There is a movement about how to monetize individual blogger and online personality influence. Influencers considering monetization of their online trust should also weigh how such strategies can lessen trust within a community, and hurt search rank.
Influence online is often a result of becoming an integral part of a community and providing good information. When you add affiliate links, sponsorship, consultancies, clients, advertisements, products and other forms of monetization to the mix, a transition occurs. In the paid, earned, and owned model of media, you are moving from earned (natural word of mouth) to owned or paid media. Both of those types of media are less trustworthy to communities.
Part of building trust is putting your customer ahead of profits and operating honestly. It’s no coincidence that one of the biggest causes of trust deterioration in the financial sector is conflict of interest and scandals.
No one wants to begrudge monetization. Creating and building a significant online presence takes a strong and sustained consistent effort over months and years. Peer trust requires consistency. Why shouldn’t one benefit from it?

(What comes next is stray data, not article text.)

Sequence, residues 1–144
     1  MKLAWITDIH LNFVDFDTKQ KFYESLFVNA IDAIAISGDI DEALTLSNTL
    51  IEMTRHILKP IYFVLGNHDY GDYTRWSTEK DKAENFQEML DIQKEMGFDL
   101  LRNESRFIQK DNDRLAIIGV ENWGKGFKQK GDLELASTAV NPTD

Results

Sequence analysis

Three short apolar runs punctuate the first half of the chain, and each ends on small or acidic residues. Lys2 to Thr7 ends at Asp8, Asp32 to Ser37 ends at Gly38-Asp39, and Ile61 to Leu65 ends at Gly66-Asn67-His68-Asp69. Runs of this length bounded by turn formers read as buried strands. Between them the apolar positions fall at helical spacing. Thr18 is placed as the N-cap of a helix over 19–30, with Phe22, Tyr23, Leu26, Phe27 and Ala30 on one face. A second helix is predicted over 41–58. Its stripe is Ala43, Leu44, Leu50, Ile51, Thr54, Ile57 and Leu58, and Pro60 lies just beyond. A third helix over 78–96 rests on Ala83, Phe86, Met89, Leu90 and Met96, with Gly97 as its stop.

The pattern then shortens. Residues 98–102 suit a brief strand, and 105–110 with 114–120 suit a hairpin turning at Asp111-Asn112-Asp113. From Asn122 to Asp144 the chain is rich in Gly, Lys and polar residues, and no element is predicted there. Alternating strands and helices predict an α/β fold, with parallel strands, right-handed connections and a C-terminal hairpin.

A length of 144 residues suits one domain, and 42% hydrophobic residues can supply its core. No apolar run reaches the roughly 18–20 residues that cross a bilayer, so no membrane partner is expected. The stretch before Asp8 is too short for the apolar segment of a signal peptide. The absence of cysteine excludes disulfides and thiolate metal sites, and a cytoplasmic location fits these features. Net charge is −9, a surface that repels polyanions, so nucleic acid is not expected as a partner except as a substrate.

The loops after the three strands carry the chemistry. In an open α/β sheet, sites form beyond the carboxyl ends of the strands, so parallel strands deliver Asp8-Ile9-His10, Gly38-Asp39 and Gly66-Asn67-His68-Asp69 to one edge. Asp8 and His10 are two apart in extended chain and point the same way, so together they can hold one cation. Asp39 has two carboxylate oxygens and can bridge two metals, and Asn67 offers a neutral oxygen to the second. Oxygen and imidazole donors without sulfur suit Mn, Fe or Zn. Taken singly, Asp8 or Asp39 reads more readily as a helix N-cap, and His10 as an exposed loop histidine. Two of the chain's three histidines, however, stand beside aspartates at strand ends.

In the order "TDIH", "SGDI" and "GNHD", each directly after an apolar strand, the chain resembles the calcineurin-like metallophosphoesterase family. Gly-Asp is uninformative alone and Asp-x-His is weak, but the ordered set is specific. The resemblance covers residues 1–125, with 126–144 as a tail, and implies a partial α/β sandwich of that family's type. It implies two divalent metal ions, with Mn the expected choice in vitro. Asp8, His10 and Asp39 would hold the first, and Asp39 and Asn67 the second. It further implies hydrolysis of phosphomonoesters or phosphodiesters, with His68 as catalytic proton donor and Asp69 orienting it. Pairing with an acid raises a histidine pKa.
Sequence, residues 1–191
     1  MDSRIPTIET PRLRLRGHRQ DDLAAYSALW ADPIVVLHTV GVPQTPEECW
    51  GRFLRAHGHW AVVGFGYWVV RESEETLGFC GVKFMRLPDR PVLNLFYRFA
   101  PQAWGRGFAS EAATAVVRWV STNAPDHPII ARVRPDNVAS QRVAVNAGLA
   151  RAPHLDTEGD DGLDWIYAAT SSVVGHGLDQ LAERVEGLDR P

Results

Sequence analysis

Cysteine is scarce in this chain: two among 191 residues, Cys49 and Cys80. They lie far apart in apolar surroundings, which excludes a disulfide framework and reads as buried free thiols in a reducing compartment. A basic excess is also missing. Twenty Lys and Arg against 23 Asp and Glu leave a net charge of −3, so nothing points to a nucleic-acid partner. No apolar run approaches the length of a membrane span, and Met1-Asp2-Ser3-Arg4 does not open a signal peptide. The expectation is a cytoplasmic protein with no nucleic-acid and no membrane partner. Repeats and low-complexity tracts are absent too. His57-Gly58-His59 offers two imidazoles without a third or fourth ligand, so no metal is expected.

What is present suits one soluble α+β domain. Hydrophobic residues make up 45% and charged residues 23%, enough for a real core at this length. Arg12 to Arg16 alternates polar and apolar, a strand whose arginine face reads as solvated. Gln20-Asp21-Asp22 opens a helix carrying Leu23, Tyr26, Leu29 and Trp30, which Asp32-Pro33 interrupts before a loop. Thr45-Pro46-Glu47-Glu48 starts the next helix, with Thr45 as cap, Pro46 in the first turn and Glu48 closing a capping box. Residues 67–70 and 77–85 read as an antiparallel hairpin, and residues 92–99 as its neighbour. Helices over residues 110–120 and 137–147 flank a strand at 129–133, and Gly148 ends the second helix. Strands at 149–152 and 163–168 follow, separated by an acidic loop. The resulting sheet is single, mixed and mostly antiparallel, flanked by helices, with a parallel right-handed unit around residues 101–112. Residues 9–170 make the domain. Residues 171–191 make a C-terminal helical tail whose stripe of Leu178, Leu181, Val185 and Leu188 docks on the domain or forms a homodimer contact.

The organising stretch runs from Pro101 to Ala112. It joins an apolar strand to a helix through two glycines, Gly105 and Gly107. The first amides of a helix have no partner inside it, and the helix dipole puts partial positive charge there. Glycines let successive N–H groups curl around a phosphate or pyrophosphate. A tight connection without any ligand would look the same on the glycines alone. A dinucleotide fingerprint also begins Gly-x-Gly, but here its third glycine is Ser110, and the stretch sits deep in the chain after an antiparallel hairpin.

Certainly, done in a strategic way, such as books on a topical area, paid speaking gigs and the like, business strategies can actually enhance a strategy. But others add a factor of distrust.
When I read a consultant’s blog about xxx professional service area that the author is promoting a business. And I take that into context. So do most readers.
People take these motives into consideration when they read my blog posts and books on marketing. I’ve been told so by more discerning customers.
That’s why I am very careful about how many asks I make of readers, the content I share, the lack of paid advertisements here, etc. For example, I almost never take pitched blog ideas, and don’t offer affiliate links. The trade off isn’t worth it, in my opinion, especially considering that I consult, sell books, and raise money for causes here.
The suggestion that one should monetize influence may not be constructed correctly. Rather, a personality should weigh whether that monetization strategy is worth the negative impact.
What do you think?